Date of Award


Document Type


Degree Name

Master of Science (MS)



Committee Member

Dr. William Richardson, Committee Chair

Committee Member

Dr. Delphine Dean

Committee Member

Dr. Agneta Simionescu

Committee Member

Dr. Brian Booth


Idiopathic pulmonary fibrosis, or IPF for short, is an interstitial lung disease that primarily affects the interstitium of the lungs (the tissue around the alveolar space). Overtime this disease causes scar tissue to form in these tissues, making them fibrous and stiff. As the disease progresses the lungs lose their ability to function properly, preventing the adequate intake and distribution of oxygen. There is currently no known cause for IPF and furthermore there are few treatments available. Medications such as pirfenidone and n intedanib can be used to slow the progression of the disease and can be used along with other drugs to mitigate symptoms but there is no cure. With the typical lifespan prognosis being 2-5 years from diagnosis and there being few options for treatment, the development and distribution of new and more effective treatments for IPF is critical. A group at the Medical University of South Carolina (MUSC) has recently discovered a drug that has promising results for its use in treating IPF. However, the mechanism of this drug is unknown to its developers. Understanding a drugs mechanism can be key in refining its dosage, combination with other drugs, etc. in order to ultimately produce the most effective treatment. With the enormous number of possible molecular targets within cells there are far too many possibilities for the mechanism of this drug to do physical experiments for each cellular signaling molecule. In order to lessen this issue, we have developed a computational model of the cellular signaling pathways in pulmonary fibroblasts (the cells primarily responsible for the creation of the fibrous scar tissue). We particularly focused on those signaling molecules and pathways that have previously been linked to fibrosis both within lung tissue and other bodily tissue. The resulting pulmonary fibroblast signaling network model contains 111 signaling molecules that participate in 161 individual reactions. Validation procedures show that the model predicts with 74.4% accuracy when compared to literature data. Sensitivity analysis simulations were performed in order to further characterize the model, allowing for the identification of the most sensitive and the most influential nodes in the model. Further simulations were performed in order to make predictions as to the possible target mechanism of the preliminary MUSC IPF drug.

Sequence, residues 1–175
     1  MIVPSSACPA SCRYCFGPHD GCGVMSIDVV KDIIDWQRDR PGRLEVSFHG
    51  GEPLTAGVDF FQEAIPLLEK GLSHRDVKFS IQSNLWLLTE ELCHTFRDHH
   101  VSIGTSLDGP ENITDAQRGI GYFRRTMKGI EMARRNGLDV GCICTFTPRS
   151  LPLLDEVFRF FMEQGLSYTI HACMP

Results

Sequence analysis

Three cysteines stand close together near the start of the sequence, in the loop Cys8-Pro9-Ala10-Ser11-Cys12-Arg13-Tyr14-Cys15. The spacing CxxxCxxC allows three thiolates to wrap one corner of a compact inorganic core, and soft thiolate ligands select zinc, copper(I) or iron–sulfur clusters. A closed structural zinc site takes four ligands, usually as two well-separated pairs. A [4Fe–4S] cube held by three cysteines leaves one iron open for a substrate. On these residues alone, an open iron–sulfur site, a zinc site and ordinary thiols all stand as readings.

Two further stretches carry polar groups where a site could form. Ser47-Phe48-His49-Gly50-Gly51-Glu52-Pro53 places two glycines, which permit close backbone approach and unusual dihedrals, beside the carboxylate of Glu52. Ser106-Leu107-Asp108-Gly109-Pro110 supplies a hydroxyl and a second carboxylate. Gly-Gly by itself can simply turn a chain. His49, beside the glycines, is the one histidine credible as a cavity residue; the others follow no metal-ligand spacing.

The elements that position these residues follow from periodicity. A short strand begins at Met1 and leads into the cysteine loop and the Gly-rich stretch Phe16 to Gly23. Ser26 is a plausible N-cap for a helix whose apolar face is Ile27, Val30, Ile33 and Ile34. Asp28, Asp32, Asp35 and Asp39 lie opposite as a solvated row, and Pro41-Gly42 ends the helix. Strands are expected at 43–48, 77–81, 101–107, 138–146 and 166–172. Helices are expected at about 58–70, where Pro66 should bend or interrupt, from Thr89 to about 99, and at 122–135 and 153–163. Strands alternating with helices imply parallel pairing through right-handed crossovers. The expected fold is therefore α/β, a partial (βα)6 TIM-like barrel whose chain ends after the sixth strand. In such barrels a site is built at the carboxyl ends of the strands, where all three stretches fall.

To view the content in your browser, please download Adobe Reader or, alternately,
you may Download the file to your hard drive.

NOTE: The latest versions of Adobe Reader do not support viewing PDF files within Firefox on Mac OS and if you are using a modern (Intel) Mac, there is no official plugin for viewing PDF files within the browser window.